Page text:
Washington Notes, November 1990
Samuel R. Gammon, November 1990
Association staff have been occupied by a series of important AHA activities during the early fall months. The Bill of Rights Education Collaborative (BREC), funded by the Pew Charitable Trusts to sponsor a large number of educational enterprises marking the bicentennial of the Bill of Rights and involving schools, colleges, museums, and libraries in many parts of the country, has absorbed much time and energy. The American Political Science Association, which worked jointly with us on the 1977-87 Project `87 for the Constitutional bicentenary, is again our close partner for the BREC and is providing office space for the project as well.
We are involved also in planning for a major Columbus quincentennial undertaking, which we hope will result in a catalogue/directory of source materials relating to the Hispanic experience since 1492 in United States repositories. We have worked with our affiliate, the Conference on Latin American History, for some time discussing such a project, and we hope soon to be in the final grant proposal stage in order to elicit foundation support for the 1992 Columbus observances.
The AHA's own Quincentennial Committee is preparing three pamphlets to be available next year. We have also been cheering from the sidelines and giving some help to the proposal of an experienced group of film producers, aided by a stellar cast of historical advisors, to produce a series of four programs on the world of 1450–92 and the interaction of cultures that followed. The sensitivities of the descendents of many of the involuntary players in four continents, Europe, Africa, North and South America during the period and the many differences between historical interpretations of parts of the global whole, make the project a difficult one to balance in a way which will please funders, viewers, and historical specialists. We hope for success and a brilliant contribution to history teaching worthy to be compared to the splendid PBS Civil War series funded by General Motors and NEH among others.
A number of other publication projects by the AHA are under way. Many members will have seen the first of the splendid pamphlets for teachers on global and comparative history being edited by Michael Adas of Rutgers University. The first one off the press, getting the jump on the quincentenary, was Alfred W. Crosby's The Columbian Voyages, the Columbian Exchange, and Their Histories; it has won plaudits for its comprehensive overview of the subject. William H. NcNeill's The Age of Gunpowder Empires, 1450–1800 is also available and an equally impressive tour de force. We expect to bring out three more in the next few months. We foresee this twenty-four pamphlet series providing the kind of practical and valuable support to teachers at all levels that the old AHA Service Center for Teachers of History did in the 1960s.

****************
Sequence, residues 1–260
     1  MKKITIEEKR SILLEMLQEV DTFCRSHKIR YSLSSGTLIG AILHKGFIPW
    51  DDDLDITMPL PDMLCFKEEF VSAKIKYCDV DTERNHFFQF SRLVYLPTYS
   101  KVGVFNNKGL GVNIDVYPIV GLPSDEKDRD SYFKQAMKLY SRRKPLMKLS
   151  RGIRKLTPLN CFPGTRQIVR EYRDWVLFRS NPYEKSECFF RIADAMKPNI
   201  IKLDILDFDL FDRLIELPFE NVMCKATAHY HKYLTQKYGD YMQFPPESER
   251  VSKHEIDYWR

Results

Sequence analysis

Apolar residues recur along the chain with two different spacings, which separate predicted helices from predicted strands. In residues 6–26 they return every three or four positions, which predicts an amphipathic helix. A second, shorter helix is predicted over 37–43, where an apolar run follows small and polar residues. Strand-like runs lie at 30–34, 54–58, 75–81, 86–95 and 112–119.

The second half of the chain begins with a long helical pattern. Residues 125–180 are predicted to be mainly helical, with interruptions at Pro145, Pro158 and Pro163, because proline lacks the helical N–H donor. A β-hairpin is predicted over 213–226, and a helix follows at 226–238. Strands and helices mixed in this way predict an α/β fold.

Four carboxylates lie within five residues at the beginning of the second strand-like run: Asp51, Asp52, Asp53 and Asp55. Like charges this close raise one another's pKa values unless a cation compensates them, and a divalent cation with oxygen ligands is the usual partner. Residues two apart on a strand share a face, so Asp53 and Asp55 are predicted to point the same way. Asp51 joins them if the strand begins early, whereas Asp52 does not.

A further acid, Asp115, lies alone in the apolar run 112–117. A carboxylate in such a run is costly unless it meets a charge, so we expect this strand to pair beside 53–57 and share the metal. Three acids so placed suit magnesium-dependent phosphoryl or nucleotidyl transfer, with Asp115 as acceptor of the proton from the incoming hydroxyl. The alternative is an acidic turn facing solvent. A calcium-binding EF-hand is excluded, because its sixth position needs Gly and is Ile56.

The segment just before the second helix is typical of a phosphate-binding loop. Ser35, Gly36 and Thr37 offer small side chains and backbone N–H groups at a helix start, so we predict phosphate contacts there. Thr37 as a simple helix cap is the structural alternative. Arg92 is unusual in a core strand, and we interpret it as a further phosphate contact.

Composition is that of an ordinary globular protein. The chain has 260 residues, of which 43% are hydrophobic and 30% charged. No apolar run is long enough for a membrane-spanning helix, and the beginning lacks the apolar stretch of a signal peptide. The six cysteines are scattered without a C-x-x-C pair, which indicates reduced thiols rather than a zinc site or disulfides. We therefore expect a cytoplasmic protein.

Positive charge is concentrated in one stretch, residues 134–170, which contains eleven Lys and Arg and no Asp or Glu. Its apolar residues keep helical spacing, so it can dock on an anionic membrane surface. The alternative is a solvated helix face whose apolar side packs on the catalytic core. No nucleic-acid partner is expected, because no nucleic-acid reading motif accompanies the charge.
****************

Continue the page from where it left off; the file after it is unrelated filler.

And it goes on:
We are even further along with our teaching pamphlet series on American history, which emphasizes historiography. Temple University Press has brought out in a book form this series of thirteen pamphlets on chronological and topical themes in U.S. history (see p. 7) edited by Eric Foner, Columbia University. Under our agreement with Temple, we are entitled next year to break out the separate chapters, clap soft covers on them, and sell them as individual pamphlets.
Overall meeting season for major AHA standing committees has also begun. The Teaching Division Committee of the AHA met on Saturday, September 22, to deal with a number of important proposals. It timed its meeting to permit several participants in the organizational meeting of the National History Education Network (See p. 3) to meet with the Division, and it strongly recommended to the Council approval of the mission and goals statement of NHEN and the authorization of AHA participation. The new organization is envisaged as a coalition of many groups interested in and active in precollegiate history education, to provide the kind of advocacy and support at the state level that Dr. Page Putnam Miller and the National Coordinating Committee do at the national government level for history education in general.
The Division also recommended to the Council approval of a new category of membership for precollegiate teachers, which would bring a selection of membership materials from several organizations, chiefly the Society for History Education's History Teacher, the Organization of History Teachers newsletter, and the AHA's Perspectives and annual meeting program.
The Teaching Division also devoted attention to the subject of prizes and awards for teaching. It discussed and referred to the Council for approval proposed guidelines for a new award for mentoring, to be named in honor of Nancy L. Roelker, professor emerita at Brown University. A handsome endowment has been raised by Professor Roelker's many former students, friends and admirers, and the Council's approval is sought for the AHA to administer this award to recognize and honor a very special form of teaching. The Division also had some recommendations to simplify the rules for the Robinson Prize, awarded for the best teaching aid, and to increase its frequency.
No related content.